Our library is similar to other schools as it is a hub of information, a central location in which students may print out papers, and where tutoring occurs. As the librarian, I help students with papers, research, and writing.
Ex’pression College uses Web 2.0 tools extensively: blogs, twitter, Facebook, and etc. How has this impacted your library work, if at all?
I believe that the school’s involvement with Web 2.0 has increased our brand recognition all around. The Web has permitted a small, niche-market Bachelor’s degree-granting school to gain international publicity. The library utilizes Twitter and Facebook to communicate with Ex’pression students who might not come into the library on a regular basis. Updates are made to Twitter, Facebook, and various other school-based websites regarding new additions to the library catalog and various events that happen around the school and in the library. Communicating with students in the way they communicate with each other has infinitely assisted in increasing the library’s appeal and communication levels.
What is your most memorable library experience?
My most memorable library experience is as simple and as pure as library experiences come. A student came in to talk to me about life and some difficulties she was having. I listened and advised as anyone would. But then, I used my super-reader-recommendation skills to come up with something wonderful for her to read. Lynda Barry has been my favorite comic artist/writer for a long time. A peer of Matt Groening of “The Simpsons,” she writes bittersweet, semi-autobiographical reflections on life, adolescence, and the complicated intertwining of family, awkwardness, and self-awareness. I offered one of Barry’s books, 100 Demons, to the student who was having troubles. A few days later she came into the library, eyes glistening, book in hand. “You reminded me how much I love to read,” she said shyly, “thank you.”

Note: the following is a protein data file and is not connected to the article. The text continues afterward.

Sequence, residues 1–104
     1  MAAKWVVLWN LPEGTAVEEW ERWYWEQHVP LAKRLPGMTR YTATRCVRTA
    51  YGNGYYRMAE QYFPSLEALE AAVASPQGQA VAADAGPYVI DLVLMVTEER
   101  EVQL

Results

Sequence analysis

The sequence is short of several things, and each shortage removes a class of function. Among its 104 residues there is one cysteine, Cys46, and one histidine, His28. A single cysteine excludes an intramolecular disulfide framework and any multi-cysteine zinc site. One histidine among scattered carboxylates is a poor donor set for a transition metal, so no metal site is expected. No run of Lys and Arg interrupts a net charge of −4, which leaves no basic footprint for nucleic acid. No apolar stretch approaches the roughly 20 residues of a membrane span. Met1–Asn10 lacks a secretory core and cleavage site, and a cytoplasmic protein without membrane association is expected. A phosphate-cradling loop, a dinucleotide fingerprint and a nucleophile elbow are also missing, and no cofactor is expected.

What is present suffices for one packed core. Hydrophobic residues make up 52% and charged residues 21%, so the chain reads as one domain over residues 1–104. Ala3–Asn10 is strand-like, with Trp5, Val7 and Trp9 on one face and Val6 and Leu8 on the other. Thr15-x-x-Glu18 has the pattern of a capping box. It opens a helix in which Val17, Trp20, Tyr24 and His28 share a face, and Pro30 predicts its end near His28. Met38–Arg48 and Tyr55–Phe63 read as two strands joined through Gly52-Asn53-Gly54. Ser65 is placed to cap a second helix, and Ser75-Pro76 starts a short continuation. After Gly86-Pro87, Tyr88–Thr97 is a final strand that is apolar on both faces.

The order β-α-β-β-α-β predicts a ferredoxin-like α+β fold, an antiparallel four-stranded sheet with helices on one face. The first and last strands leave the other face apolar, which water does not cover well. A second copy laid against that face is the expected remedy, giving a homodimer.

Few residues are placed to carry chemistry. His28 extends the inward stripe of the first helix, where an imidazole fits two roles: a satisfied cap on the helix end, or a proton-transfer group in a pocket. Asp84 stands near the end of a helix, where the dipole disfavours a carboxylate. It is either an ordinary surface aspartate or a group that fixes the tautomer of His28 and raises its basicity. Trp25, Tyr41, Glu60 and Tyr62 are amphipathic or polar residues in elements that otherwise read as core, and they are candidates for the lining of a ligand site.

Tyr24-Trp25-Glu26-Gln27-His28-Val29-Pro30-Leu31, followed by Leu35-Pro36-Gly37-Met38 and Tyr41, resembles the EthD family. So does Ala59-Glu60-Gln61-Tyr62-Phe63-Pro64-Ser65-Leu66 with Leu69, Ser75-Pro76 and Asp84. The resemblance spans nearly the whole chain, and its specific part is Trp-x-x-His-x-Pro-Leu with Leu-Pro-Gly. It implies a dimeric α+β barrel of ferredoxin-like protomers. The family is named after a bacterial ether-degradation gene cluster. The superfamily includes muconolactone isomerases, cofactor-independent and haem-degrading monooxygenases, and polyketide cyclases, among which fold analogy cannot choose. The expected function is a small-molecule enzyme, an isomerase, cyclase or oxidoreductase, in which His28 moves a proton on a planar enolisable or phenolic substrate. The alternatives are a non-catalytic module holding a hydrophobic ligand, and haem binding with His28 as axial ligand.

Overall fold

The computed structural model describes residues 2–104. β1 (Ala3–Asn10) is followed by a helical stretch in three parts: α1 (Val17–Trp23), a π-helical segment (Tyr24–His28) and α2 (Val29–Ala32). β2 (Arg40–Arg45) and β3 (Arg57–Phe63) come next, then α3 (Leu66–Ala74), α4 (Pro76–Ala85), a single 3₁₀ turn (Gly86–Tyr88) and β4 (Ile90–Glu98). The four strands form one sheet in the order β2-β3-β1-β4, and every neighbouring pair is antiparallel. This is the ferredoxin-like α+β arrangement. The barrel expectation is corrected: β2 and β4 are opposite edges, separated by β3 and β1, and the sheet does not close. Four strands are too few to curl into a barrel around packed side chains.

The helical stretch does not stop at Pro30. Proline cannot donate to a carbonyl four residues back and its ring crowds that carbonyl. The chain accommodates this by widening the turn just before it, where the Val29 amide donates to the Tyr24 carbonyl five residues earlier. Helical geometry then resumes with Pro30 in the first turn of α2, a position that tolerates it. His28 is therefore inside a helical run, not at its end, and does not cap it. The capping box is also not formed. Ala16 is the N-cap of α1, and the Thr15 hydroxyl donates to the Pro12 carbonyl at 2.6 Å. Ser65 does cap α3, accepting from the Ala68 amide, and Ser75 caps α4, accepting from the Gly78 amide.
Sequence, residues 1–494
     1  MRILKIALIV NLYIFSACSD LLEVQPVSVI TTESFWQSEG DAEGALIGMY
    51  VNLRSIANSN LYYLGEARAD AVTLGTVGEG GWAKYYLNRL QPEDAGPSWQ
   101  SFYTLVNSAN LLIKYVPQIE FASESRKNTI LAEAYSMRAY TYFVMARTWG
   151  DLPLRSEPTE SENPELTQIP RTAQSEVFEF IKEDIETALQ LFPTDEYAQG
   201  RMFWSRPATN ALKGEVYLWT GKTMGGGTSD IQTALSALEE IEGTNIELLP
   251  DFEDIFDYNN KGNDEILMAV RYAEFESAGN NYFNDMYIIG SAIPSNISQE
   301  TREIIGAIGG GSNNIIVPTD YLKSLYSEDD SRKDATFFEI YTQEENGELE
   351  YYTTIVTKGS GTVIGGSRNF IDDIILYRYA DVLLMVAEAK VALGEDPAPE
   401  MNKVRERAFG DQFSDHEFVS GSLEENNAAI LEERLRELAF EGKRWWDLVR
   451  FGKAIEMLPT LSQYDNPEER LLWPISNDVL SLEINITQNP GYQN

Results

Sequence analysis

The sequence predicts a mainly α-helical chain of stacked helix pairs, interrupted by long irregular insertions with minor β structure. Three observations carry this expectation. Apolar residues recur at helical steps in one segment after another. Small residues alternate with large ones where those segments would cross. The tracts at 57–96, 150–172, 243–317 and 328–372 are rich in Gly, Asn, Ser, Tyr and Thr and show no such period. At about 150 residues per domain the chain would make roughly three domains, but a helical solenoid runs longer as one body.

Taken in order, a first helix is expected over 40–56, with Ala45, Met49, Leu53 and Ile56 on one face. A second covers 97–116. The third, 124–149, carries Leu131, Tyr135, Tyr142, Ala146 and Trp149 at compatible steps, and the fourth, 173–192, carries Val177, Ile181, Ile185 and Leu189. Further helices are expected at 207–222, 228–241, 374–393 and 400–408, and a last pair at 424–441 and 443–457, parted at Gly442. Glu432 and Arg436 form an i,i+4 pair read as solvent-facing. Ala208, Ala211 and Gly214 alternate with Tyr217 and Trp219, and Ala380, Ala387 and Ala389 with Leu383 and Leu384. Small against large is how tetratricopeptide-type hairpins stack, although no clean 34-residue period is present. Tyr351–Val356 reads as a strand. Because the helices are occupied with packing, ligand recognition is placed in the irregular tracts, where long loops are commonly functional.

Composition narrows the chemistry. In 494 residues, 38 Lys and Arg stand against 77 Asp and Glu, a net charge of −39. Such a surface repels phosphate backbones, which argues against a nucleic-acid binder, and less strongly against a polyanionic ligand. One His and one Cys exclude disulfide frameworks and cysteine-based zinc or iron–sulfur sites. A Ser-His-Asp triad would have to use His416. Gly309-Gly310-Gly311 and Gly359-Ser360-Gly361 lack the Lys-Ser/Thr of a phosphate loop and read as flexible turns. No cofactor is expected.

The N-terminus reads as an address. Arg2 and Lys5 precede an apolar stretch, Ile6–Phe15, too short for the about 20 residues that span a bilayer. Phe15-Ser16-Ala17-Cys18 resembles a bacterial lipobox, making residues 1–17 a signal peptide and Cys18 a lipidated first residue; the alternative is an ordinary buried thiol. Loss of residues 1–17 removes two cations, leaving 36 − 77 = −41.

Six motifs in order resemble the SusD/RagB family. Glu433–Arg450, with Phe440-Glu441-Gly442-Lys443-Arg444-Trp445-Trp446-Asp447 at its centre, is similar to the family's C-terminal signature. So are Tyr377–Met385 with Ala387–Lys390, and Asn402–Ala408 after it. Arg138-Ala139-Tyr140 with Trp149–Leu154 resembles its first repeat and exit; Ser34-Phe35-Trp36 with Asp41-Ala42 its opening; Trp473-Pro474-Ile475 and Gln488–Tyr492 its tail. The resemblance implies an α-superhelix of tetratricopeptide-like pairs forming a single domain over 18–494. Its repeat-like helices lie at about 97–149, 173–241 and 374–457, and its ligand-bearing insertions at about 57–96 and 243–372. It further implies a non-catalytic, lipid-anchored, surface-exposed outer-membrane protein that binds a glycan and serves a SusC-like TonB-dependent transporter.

More recently, I was thrown a huge surprise birthday party by one of the library assistants, who is a student here at Ex’pression. The library had been decorated, a DJ had set up speakers, many of the people in attendance wore Guy Fawkes’ masks and an Ex’pression alumnus had airbrushed a 4 foot long painting of me that lots of people had signed. At least sixty people were in attendance, food was eaten, and much fun was had. This was not the same kind of memorable library experience as the previous one…but still memorable nonetheless!
Any good advice for new librarians still looking for work?
I started out looking for a hearty, civil service job in the public library sector. I envisioned helping those who needed help figuring out how to navigate the Web, performing the hardcore reference interview, and eagerly receiving the random question. As San Jose State University is the largest MLIS program in the country and competition is fierce, acquiring a public library job was more difficult than I could have ever imagined. I ended up, six months after getting my Master’s degree, with a job here at Ex’pression College in a position nothing like that which I had expected.
My advice would be this: keep your mind open and prospects wide open. The unexpected could be better than that which you originally hoped for!